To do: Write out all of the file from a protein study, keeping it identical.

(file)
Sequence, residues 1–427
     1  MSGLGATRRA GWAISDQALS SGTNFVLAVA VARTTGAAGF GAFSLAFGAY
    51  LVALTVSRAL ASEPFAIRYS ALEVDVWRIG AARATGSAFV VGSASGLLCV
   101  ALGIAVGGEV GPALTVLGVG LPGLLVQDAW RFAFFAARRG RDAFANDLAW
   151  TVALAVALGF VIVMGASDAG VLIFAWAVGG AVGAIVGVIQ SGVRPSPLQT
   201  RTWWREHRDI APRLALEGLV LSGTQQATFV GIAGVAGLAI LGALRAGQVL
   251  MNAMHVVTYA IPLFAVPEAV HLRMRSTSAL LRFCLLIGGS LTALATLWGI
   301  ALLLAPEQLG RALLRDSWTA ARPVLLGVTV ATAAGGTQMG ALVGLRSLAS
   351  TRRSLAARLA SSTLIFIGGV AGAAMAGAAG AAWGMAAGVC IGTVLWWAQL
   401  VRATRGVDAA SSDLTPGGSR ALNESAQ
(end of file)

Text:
Sequence, residues 1–427
     1  MSGLGATRRA GWAISDQALS SGTNFVLAVA VARTTGAAGF GAFSLAFGAY
    51  LVALTVSRAL ASEPFAIRYS ALEVDVWRIG AARATGSAFV VGSASGLLCV
   101  ALGIAVGGEV GPALTVLGVG LPGLLVQDAW RFAFFAARRG RDAFANDLAW
   151  TVALAVALGF VIVMGASDAG VLIFAWAVGG AVGAIVGVIQ SGVRPSPLQT
   201  RTWWREHRDI APRLALEGLV LSGTQQATFV GIAGVAGLAI LGALRAGQVL
   251  MNAMHVVTYA IPLFAVPEAV HLRMRSTSAL LRFCLLIGGS LTALATLWGI
   301  ALLLAPEQLG RALLRDSWTA ARPVLLGVTV ATAAGGTQMG ALVGLRSLAS
   351  TRRSLAARLA SSTLIFIGGV AGAAMAGAAG AAWGMAAGVC IGTVLWWAQL
   401  VRATRGVDAA SSDLTPGGSR ALNESAQ